• Nitro cars are not the best choice for novices.
  • Their engines need to go through a running-in process – usually four or five tanks worth – while sitting on a brick so the wheels don’t touch the ground while you periodically blip the engine.
  • They are much more temperamental than battery-powered cars and require frequent fuel mixture tweaking which can be frustrating.
  • You’ll need to take along a bottle of nitro fuel and a glow starter.
  • Nitro can be quite messy making the cars tricky to clean.

Does a brushless motor make a major difference?

Nitro cars used to win all the speed prizes until the brushless motor came along. Brushed motors are still fitted to most sub-£200 electric buggies and are perfectly capable of providing off-road thrills. However, for ultimate speed, spend a little more and get a car fitted with a brushless motor. Without going into the science, brushless motors are much more energy efficient and longer lasting. Perhaps more importantly, they are capable of powering an 1/8th scale car to speeds in excess of 60mph, and that’s often faster than the majority of nitro cars.

Which is better: NiMh, NiCd or LiPo batteries?

Most of today’s cars use Lithium Polymer (LiPo) batteries which are four times more energy efficient and a lot more durable than Nickel Metal Hydride (Ni-MH). LiPo batteries are much lighter and hold more power. They also have higher discharge rates, and that means higher speeds and better torque.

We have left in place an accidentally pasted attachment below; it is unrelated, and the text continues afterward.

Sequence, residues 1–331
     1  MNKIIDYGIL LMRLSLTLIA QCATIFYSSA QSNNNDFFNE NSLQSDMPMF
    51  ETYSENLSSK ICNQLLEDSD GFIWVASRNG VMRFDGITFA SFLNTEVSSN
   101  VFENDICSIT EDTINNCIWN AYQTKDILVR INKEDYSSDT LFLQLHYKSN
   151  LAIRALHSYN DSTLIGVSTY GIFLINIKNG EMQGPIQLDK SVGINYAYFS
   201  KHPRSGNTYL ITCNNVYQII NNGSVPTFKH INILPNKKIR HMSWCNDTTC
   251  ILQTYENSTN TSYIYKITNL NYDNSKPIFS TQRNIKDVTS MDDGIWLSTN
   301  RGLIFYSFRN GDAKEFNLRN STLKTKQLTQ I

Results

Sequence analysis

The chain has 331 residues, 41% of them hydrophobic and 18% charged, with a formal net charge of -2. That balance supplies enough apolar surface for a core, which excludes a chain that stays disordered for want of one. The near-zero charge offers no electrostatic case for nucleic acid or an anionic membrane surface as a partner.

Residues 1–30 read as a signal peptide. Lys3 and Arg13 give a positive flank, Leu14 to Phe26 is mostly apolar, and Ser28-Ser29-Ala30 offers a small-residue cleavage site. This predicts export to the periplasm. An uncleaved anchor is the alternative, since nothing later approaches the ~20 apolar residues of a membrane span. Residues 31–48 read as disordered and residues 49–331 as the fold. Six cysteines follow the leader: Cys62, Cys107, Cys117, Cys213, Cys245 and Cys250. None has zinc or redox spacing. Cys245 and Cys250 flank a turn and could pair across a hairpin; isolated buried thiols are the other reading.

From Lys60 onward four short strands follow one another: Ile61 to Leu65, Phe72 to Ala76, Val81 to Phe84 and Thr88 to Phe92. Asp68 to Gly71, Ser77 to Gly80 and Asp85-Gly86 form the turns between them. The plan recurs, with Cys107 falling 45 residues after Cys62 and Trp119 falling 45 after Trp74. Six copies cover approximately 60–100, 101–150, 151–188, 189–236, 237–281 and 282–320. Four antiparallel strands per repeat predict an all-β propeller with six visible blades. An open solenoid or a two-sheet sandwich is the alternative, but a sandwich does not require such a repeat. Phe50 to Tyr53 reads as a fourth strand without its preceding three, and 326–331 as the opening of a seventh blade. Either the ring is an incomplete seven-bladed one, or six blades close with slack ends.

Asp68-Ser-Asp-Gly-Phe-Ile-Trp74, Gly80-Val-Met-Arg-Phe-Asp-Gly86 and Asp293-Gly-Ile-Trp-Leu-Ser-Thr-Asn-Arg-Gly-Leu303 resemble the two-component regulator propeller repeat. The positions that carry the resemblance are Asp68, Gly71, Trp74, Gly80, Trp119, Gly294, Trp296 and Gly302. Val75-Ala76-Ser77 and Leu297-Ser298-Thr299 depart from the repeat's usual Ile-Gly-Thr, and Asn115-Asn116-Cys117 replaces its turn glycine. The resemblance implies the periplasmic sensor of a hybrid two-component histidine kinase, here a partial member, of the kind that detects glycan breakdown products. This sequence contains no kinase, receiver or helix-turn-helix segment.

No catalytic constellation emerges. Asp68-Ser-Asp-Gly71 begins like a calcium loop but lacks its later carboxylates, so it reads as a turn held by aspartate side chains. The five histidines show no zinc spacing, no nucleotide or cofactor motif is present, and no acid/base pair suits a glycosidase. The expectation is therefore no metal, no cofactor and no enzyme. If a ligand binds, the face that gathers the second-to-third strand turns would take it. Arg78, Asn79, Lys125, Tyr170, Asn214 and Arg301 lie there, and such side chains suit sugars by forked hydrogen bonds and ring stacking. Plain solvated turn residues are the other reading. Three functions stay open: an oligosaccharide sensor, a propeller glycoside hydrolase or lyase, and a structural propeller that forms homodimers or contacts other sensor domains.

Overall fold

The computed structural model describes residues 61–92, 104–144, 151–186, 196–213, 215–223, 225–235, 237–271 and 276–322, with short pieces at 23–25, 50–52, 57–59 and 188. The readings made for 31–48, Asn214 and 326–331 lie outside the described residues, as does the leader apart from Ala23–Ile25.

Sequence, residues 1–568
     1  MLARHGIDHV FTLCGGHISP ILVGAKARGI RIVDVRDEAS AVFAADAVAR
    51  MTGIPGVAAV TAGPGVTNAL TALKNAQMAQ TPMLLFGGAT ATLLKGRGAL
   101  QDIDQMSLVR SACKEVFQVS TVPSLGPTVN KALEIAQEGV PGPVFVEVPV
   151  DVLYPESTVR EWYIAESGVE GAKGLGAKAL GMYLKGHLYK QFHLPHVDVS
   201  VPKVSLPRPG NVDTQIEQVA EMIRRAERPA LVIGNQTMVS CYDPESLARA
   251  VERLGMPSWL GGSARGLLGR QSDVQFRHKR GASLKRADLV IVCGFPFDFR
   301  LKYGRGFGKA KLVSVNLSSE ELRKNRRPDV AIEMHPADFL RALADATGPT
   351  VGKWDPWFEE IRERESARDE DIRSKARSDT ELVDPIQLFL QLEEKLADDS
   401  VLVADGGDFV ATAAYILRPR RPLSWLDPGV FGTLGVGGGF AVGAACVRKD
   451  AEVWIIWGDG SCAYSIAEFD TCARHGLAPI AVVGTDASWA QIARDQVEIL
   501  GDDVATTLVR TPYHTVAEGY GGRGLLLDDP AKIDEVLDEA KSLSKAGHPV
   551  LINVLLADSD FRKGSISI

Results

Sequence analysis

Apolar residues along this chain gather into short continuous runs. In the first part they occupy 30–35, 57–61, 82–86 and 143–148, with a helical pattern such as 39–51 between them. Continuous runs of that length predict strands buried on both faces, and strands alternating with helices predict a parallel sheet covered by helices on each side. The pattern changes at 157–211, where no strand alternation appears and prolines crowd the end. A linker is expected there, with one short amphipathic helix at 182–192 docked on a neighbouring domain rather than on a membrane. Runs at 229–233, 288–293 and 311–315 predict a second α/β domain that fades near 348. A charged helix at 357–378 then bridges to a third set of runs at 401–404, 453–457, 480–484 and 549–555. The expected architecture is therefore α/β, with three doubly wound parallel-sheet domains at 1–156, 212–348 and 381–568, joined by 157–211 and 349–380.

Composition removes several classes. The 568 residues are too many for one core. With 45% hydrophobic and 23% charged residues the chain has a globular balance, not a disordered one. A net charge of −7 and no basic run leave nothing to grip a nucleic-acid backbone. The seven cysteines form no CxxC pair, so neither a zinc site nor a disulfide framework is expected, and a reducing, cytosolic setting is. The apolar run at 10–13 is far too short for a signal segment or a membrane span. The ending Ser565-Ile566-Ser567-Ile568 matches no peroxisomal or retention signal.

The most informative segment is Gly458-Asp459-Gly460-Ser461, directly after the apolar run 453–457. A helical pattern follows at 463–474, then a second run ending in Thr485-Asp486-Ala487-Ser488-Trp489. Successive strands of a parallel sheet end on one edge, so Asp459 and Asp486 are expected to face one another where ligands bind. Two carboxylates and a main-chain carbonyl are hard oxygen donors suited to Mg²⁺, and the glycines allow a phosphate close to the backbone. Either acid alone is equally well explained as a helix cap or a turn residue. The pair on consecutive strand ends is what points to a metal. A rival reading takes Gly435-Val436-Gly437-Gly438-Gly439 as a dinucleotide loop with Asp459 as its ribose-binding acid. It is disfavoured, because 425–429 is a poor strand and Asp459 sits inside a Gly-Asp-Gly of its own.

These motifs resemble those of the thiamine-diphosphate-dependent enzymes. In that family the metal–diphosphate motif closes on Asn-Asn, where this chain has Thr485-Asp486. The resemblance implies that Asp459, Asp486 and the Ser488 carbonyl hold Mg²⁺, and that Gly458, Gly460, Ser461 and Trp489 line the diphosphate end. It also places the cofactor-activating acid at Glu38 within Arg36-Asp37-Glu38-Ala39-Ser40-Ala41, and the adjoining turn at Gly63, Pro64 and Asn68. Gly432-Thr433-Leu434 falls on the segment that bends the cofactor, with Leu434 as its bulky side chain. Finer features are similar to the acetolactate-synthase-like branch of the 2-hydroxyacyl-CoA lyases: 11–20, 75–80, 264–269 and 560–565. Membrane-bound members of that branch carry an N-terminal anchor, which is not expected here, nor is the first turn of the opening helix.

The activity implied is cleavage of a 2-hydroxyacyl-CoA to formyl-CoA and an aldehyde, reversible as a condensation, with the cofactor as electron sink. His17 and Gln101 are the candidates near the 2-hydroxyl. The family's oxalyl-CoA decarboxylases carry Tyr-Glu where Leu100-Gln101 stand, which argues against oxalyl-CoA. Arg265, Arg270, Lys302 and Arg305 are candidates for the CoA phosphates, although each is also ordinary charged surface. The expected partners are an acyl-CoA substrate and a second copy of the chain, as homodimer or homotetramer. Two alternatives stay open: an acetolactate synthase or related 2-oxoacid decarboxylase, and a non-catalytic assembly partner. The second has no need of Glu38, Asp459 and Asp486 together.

What happens if I manage to break something?

There are many different RC car brands out there but not all of them are readily available in the UK. If possible, choose a model that is also sold by a UK-based RC model-specific website. Most model websites stock a wide range of spare parts for specific models. These include suspension arms, springs, shocks, fuel tanks, speed controllers, screws, nuts and bolts. Given that you will almost certainly crash from time to time, having easy access to a multitude of spares will make your hobby more enjoyable and longer lasting.

The best RC cars to buy from £120

1. HPI Trophy Buggy Flux: The best high-end, race-ready option

Price: £430

This sensational 1/8th-scale 4WD electric buggy from renowned RC specialist HPI measures 500mm in length and goes like the proverbial rocket. This writer estimates a top speed of around 60mph using the recommended twin-pack of 2S LiPo batteries (7.4v each) but there’s GPS recorded evidence on YouTube of the car being clocked at a speed limit-breaking 85mph using a huge 6S battery. Needless to say, the car’s acceleration is blisteringly quick, too.

The Trophy Buggy Flux is impeccably built using the highest quality materials. It features a super tough 6061 aluminium chassis, aluminium shocks and wheels, oversized steel gears and a humongous brushless HPI Flux Scream motor. The car is assembled at the factory so it’s pretty much ready to run. All you’ll need to get are a couple of 7.4v 30C batteries (£40 each) and a decent fast charger. HPI also stocks a raft of spares for dealing with those inevitable mishaps.

This writer can’t express enough just how well this buggy handles. The neoprene-covered steering-wheel on the radio transmitter makes it very easy to control the vehicle, even on the most winding terrain and the car’s weight distribution is set just right so it invariably lands on all four wheels when hitting even the highest jumps. Equally mindblowing is the amount of time the batteries last. Our test car kept going for about 20 minutes of near constant driving with regular full-throttle bursts.

Be mindful that when you receive this car, its ride height will be very low so, before taking it for its first spin, open the bag of different sized crescent-shaped plastic bits and choose the largest four. Now clip those to the top of each shock to raise the ride height. Without them the car’s chassis may scrape along on some terrain.